• This provision is generally effective March 23, 2012.
      • Penalty for failure to provide new summary or SMM:
        • A penalty of not more than $1,000 may apply for each willful failure to provide the required plan summary or advance summary of a material modification.
        • Each participant who fails to receive a required summary (or summary of material modification) is counted separately in determining the amount of the penalty, so it appears that a willful failure to timely provide 5 participants with a summary could result in a fine of up to $5,000.
      • Standardized definitions :
        • The new law requires HHS to promulgate regulations providing for the development of standardized definitions of terms used in insured plans.
        • The required four-page plan summary discussed previously must include these definitions, to enable participants to better understand and compare coverage.
        • The terms for which standardized definitions are to be developed include many common terms.
      • Additional Reporting Requirement: Quality of Care
        • By March 23, 2012, HHS will develop requirements for plans to report on a variety of issues.
        • This reporting is to include information relating to:
          • improving health outcomes through “quality reporting,” effective case management, care coordination, chronic disease management, and medication and care compliance initiatives,
          • activities to prevent hospital readmissions (including through education and counseling),
          • activities to improve patient safety and reduce medical errors through use of best clinical practices, evidence based medicine, and health information technology, and
          • wellness and health promotion activities.
      • Certain rules do not apply to “grandfathered plans,” or at least do not apply to certain participants in those plans.
      • A grandfathered group health plan is a group or individual plan in which an individual was enrolled on 3/23/10.
      • It can also be an insured or a self-insured arrangement.
      • The following rules apply to grandfather plans:
        • The rules requiring insured plans to issue a standard plan summary (the four page “highlights” description) and use standardized definitions in that summary,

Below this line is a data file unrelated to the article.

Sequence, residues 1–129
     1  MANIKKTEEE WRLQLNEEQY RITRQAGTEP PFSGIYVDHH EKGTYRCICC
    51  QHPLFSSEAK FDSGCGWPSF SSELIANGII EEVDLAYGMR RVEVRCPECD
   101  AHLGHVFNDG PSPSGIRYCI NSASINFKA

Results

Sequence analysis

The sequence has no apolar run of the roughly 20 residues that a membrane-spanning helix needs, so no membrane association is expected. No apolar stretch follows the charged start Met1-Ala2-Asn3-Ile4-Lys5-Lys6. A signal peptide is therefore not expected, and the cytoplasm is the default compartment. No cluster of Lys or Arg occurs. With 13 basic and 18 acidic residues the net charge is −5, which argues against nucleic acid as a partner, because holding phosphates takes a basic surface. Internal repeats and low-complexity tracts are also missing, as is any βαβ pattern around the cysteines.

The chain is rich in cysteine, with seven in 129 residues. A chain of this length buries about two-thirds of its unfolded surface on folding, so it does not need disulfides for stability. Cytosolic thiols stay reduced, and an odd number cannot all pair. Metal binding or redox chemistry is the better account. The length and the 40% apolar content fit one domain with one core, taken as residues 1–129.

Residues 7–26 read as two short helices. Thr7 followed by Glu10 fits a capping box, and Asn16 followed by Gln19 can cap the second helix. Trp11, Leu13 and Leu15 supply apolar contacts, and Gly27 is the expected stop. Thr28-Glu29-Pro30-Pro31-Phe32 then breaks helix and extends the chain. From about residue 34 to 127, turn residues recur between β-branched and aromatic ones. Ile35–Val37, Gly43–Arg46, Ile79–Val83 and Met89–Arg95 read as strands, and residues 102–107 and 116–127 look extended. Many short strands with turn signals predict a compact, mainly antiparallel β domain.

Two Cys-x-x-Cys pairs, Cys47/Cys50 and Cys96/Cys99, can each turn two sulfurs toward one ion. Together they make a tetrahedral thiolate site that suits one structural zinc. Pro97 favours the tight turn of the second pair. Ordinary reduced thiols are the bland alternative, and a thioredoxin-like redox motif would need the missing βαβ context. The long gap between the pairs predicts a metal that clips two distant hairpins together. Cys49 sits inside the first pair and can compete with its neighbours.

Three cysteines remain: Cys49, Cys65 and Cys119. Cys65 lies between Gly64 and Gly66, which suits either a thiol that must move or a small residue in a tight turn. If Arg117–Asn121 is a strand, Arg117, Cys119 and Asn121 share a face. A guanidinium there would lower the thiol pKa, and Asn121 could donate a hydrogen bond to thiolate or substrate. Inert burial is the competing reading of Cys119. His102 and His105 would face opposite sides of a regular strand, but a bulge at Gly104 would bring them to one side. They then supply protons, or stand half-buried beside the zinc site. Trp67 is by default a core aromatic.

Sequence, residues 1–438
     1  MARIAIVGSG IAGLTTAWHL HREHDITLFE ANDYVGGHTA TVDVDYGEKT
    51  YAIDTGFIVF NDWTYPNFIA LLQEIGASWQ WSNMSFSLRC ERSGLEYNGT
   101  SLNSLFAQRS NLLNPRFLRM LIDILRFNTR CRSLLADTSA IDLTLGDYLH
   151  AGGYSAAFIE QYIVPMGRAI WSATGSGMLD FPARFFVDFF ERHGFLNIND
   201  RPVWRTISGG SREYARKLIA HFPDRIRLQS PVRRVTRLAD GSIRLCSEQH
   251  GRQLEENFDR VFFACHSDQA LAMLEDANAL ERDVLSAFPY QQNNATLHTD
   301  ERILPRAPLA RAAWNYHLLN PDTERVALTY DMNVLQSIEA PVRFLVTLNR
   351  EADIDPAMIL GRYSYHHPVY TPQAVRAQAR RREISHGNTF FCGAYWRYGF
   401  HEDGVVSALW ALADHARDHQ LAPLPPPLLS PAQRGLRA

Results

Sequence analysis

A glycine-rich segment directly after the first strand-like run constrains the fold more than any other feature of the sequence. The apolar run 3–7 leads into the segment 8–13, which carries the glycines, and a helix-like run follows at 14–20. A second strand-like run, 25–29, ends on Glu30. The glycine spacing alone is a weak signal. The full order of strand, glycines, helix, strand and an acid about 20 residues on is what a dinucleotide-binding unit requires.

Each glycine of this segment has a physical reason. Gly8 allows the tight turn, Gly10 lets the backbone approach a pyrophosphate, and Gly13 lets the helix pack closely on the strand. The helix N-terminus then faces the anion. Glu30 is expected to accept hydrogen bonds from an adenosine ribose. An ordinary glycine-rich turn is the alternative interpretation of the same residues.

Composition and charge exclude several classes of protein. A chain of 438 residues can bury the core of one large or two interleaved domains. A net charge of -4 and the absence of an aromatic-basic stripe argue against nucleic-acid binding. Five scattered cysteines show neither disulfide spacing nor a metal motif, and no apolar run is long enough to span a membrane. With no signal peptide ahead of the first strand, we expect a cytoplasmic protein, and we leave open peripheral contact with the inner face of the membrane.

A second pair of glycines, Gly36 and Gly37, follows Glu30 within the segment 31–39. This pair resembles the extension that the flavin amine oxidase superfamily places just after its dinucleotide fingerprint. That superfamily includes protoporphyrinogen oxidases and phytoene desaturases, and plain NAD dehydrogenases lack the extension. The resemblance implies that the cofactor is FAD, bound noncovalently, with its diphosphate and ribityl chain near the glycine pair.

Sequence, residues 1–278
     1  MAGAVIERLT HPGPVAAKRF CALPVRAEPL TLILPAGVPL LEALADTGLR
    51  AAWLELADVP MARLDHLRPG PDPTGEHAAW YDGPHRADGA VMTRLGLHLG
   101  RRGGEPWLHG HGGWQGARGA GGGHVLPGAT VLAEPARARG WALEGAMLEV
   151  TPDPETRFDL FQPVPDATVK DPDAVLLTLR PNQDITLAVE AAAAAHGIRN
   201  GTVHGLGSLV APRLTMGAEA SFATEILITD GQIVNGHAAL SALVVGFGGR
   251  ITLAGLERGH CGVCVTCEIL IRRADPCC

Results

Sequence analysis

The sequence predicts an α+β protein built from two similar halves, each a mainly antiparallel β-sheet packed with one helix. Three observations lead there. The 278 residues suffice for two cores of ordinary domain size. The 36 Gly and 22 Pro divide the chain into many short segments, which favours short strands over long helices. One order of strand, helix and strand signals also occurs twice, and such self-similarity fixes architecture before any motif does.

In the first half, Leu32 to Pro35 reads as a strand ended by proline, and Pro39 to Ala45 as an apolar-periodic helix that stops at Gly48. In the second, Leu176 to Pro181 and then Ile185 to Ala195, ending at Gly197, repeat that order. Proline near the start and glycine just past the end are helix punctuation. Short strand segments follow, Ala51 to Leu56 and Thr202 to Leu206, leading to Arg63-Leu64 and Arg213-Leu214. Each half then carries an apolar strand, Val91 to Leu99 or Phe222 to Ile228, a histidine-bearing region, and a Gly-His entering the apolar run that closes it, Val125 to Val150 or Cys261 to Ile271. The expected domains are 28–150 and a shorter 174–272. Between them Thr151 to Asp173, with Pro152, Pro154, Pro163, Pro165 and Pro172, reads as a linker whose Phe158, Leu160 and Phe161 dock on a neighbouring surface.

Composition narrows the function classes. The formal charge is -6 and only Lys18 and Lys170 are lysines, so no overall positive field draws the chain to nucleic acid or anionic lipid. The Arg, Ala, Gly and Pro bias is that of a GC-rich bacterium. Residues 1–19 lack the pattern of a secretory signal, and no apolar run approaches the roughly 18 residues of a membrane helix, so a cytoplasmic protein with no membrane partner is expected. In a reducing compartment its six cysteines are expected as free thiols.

• The rules requiring insured and self-insured plans to distribute summaries of material modifications 60 days in advance of any material change, apply to grandfathered plans for plan years beginning on or after March 23, 2012.
        • The waiting period rules,
        • The restrictions on lifetime and annual limits,
        • The rules on rescission,
        • The pre-existing condition prohibition, and
        • The rules on covering adult children (up to age 26) as dependents, although for plan years beginning before January 1, 2014
      • A plan sponsor or an insurance company may make the following changes to its health plan and keep its grandfathered status:
        • voluntary increase benefits,
        • conform to required legal changes,
        • add new employees and dependents as participants,
        • change third party administrators,
        • renew an insurance policy, and
        • adopt voluntarily other consumer protections in health care reform.
      • A health plan will no longer be considered a grandfathered health plan if a plan sponsor or the insurance company:
        • Eliminates all or substantially all benefits to diagnose or treat a particular condition.
        • Increases a percentage cost-sharing requirement (such as coinsurance) above the level at which it was on 3/23/10.
        • .
        • Increases fixed-amount cost-sharing requirements other than copayments, such as a $500 deductible or a $2,500 out-of-pocket limit, by a total percentage measured from 3/23/10 that is more than the sum of medical inflation and 15 %.
      • Increases copayments by an amount that exceeds the greater of: a total percentage measured from 3/23/10 that is more than the sum of medical inflation plus 15%, or $5 increased by medical inflation, measured from 3/23/10.
        • Decreases its contribution rate by more than five percentage points below the contribution rate on 3/23/10.
          • Enters into a new policy, certificate or contract of insurance with an insurance company.
        • With respect to annual limits, a group health plan, or group or individual health insurance coverage, that, on 3/23/10:
          • did not impose an overall annual or lifetime limit on the dollar value of all benefits, imposes an overall annual limit on the dollar value of benefits;
          • imposed an overall lifetime limit on the dollar value of all benefits but no overall annual limit on the dollar value of all benefits, adopts an overall annual limit at a dollar value that is lower than the dollar value of the lifetime limit on 3/23/10; or